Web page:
Federal credit unions offer payday alternative loans (PALs) to members who need short-term cash. These loans are typically paid off by the borrower in monthly installments instead of a single pay period and have an interest rate cap of 28%. PALs do look at your credit score, but they specialize in giving personal loans to those with lower credit scores. They use a borrower’s income and ability to repay to determine if an applicant qualifies.

Payday loans

Payday loans are short-term unsecured loans that don’t require a credit check. They are often a high-cost option for the borrower as they can have annual percentage rates (APRs) of 400% or more. The APR is the total cost of the loan, which includes your interest rate, fees, and the time it takes to pay the loan back. If you have a bad credit score, expect to pay higher APRs.

Payday loans also require the borrower to repay the loan within a couple of weeks, usually by their next payday.

Car title loans

Car title loans are secured loans that require borrowers to use their vehicle as collateral. If the borrower fails to pay back the loan, the lender can repossess the vehicle. The loan you receive will be equal to the value of your car. These loans can charge high fees (up to 25% of the loan amount you’re borrowing), and usually require you to repay the loan in 30 days.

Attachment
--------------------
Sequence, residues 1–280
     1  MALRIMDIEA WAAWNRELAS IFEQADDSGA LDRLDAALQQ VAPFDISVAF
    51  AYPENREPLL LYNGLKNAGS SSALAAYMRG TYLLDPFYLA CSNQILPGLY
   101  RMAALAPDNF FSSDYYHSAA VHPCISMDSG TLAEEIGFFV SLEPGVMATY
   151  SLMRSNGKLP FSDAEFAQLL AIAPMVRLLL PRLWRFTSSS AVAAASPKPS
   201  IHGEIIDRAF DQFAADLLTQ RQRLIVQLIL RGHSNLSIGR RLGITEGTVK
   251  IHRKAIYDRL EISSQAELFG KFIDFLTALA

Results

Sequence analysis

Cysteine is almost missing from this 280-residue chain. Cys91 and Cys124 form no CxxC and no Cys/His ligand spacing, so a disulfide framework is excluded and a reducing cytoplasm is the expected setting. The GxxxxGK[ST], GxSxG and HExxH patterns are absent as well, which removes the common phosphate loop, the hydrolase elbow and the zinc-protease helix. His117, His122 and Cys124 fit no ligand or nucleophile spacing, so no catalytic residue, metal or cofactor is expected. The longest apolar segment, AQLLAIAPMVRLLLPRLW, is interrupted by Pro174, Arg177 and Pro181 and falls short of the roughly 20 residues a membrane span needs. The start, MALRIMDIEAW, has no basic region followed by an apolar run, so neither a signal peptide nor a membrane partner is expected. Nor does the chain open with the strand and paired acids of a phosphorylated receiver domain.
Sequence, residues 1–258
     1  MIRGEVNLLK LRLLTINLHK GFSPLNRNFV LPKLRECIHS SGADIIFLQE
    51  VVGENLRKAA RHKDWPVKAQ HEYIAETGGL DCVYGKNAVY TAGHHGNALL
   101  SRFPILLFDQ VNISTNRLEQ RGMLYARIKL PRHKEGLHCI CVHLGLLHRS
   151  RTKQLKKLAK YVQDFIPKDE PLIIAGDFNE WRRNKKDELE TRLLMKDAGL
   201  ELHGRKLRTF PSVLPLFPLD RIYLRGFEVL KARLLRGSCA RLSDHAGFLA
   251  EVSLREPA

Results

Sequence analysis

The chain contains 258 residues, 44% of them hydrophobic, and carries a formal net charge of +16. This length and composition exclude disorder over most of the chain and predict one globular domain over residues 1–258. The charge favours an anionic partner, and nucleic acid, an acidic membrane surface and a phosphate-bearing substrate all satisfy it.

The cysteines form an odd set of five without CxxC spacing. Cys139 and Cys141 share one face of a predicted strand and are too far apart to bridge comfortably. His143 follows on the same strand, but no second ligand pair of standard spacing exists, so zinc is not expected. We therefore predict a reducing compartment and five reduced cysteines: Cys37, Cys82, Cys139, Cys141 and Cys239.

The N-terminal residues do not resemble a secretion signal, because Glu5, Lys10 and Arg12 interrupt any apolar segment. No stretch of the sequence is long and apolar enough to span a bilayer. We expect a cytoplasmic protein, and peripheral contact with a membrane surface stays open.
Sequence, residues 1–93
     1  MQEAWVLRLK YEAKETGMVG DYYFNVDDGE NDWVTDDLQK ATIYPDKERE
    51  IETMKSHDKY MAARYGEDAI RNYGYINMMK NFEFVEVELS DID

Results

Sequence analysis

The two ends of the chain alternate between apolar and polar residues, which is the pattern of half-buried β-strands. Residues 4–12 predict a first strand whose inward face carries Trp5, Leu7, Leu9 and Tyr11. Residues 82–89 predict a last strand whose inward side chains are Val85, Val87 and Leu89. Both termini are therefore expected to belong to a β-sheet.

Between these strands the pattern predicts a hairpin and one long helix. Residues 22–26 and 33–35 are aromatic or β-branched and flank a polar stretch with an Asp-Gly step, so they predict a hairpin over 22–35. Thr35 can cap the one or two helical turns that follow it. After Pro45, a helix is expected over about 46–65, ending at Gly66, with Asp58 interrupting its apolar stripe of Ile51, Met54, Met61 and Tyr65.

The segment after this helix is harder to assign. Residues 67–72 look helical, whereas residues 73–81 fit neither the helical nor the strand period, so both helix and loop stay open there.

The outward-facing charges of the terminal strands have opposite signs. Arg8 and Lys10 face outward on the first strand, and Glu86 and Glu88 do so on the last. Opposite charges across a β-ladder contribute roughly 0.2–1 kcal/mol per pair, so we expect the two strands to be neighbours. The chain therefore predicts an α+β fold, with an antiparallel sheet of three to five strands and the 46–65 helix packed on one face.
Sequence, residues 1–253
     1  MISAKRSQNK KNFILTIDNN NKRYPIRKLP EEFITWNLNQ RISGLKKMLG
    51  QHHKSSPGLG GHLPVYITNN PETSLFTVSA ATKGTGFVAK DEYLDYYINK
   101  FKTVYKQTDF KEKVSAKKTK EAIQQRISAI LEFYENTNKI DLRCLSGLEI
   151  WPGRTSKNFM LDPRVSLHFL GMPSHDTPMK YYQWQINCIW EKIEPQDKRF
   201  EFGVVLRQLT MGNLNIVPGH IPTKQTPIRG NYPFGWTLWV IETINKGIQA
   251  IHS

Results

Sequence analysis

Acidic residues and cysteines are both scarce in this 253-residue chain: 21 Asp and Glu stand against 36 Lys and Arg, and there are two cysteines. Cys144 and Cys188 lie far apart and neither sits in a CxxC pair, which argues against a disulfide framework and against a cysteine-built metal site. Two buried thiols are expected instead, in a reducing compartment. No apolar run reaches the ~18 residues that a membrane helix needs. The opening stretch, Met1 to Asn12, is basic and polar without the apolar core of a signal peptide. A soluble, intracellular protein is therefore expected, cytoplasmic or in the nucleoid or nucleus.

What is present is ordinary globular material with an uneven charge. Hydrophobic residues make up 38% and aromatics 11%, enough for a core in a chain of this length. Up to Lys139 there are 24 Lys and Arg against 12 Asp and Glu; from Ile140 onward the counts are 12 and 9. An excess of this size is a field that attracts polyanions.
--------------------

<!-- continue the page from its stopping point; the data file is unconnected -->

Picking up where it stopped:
Online bad credit loans

Some online lenders give personal installment loans to those without credit or with poor credit.

Installment loans allow borrowers to repay the loan in monthly payments. Some lenders that issue bad credit loans will run a credit check; others will use your financial information to determine financing. It’s best to shop around different lenders to compare APRs.

Loans from family/friends

Asking a family member or close friend for a loan won’t require a hard credit check on your credit history.

Co-signed loans

Another option for obtaining a loan when you have little credit history or a bad credit score is to find a co-signer. This person will apply for the loan with you and be held responsible if you default. Lenders are more confident giving to a borrower with no credit or bad credit if they have a co-signer.

Know your credit score

Before you apply for a no-credit-check loan or another type of loan, it’s best to know your credit score. This can help you better understand the types of financing that may be available to you.

FICO Credit Score Ranges

Exceptional credit 800 or higher
Very good credit 740-799
Good credit 670-739
Fair credit 580-669
Poor credit Any score below 580

Obtaining a free copy of your credit report can give you a better sense of your chances to qualify for different types of loans. By checking your credit report, you can also file disputes to remove erroneous information.

Some lenders may use your FICO credit score to determine your creditworthiness. If you have a low credit score or don’t have enough credit history for a score, most lenders will view you as a risky borrower.

If you have the time, consider raising your credit score and applying for a more traditional loan before pursuing a loan with no credit check. Increasing your credit score will help you qualify for a better APR.